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ATLANTA 1996 OLYMPICS | Postcript

Times staff writers take a look back at the Centennial Games

August 05, 1996|GARY RUBIN

As near as I could see, there were two sets of Games, polar opposites.

There were the end Games, a wonderful gathering of athletes from all over the world, who put on spectacular and breathtaking performances.

All Olympics should be this good.

Then there were the other Games, the ones designed to wring the most money out of the most people. Let's hope we never see anything as crass again.

The streets lining Olympic Centennial Park were one long string of souvenir stands, pin traders, T-shirt vendors and anything else one could hawk.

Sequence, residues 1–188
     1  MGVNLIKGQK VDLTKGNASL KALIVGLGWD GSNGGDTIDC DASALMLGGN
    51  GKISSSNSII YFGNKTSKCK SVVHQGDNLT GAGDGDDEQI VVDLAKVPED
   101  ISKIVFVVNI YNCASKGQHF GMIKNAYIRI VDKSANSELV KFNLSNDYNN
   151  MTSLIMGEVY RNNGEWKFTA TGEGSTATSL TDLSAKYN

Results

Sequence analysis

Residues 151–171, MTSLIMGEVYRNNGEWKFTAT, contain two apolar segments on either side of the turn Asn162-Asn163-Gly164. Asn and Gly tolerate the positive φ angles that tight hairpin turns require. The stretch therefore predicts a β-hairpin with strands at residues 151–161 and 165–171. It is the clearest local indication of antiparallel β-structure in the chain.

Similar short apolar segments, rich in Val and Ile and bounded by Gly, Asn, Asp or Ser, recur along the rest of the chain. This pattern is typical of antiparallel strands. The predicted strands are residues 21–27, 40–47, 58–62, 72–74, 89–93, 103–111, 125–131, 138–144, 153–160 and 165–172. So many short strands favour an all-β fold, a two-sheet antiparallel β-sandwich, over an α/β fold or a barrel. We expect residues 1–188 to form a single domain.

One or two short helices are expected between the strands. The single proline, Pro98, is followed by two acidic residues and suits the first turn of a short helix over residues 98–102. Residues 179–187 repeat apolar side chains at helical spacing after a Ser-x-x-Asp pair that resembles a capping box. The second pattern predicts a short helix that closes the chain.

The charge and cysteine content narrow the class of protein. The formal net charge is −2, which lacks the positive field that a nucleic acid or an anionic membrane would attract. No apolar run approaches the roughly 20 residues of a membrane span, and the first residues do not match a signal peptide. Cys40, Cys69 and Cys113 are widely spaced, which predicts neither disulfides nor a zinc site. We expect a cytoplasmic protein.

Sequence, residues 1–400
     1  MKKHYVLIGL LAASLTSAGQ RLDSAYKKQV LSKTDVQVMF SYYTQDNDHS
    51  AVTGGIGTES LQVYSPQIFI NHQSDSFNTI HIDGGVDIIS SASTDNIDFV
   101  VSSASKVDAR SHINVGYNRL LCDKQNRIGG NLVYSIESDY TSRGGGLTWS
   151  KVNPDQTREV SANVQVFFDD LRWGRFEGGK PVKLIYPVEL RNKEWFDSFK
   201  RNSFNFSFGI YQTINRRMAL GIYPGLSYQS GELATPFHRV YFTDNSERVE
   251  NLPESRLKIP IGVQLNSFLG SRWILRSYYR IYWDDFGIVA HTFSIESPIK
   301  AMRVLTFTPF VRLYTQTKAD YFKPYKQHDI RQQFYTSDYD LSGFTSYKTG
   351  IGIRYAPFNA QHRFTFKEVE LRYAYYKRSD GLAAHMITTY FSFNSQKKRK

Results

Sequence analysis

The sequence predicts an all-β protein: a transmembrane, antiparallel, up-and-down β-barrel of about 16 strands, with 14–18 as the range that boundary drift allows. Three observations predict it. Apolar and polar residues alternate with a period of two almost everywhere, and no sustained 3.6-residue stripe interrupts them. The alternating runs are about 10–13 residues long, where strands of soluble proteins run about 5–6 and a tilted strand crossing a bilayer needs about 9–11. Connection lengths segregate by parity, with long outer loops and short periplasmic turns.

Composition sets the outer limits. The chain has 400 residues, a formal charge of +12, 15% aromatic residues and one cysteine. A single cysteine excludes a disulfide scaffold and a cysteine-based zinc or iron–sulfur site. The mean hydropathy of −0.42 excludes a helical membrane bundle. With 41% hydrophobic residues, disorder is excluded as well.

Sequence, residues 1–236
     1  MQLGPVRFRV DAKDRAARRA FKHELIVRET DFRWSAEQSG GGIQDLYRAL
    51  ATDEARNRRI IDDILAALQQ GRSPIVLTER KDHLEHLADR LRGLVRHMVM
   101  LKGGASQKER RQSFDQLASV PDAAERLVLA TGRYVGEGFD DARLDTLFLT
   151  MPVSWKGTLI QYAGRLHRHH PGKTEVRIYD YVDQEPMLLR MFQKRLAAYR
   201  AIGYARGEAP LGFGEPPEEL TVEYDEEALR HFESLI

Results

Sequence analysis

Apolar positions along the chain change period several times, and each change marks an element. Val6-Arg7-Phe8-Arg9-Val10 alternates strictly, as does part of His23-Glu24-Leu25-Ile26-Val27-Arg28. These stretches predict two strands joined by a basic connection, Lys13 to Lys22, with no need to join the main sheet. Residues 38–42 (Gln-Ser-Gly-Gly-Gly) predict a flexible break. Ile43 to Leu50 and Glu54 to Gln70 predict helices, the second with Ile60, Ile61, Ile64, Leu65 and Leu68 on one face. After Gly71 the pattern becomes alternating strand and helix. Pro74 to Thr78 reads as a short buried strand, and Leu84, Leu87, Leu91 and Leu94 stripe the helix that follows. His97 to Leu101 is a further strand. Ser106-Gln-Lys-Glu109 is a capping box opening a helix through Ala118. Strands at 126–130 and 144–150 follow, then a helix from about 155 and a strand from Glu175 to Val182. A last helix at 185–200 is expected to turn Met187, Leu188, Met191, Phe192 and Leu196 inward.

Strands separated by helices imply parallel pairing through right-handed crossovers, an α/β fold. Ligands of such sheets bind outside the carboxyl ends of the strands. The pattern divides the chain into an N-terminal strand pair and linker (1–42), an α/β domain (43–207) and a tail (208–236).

The park itself was a great idea gone berserk. There were the commemorative bricks, bought by the thousands to help build the park, and the park's centerpiece, the fountain, which helped cool off visitors.

But everything else in the park was commercial--Swatch on one side, AT&T on another, a Superstore to fill every tourist's need for Olympic souvenirs.

The most offensive, most insidious, was Bud World. There, once inside, you could observe Bud signs, listen to Bud commercials and of course, order Bud beer. Lighted like a discotheque, Bud World was open to all. There was no age limit, no checking of ID.

And that meant children were ushered in. Bud executives will be tickled when, in a few years, some of those kids begin drinking Bud, probably earlier than they should. What price sales?

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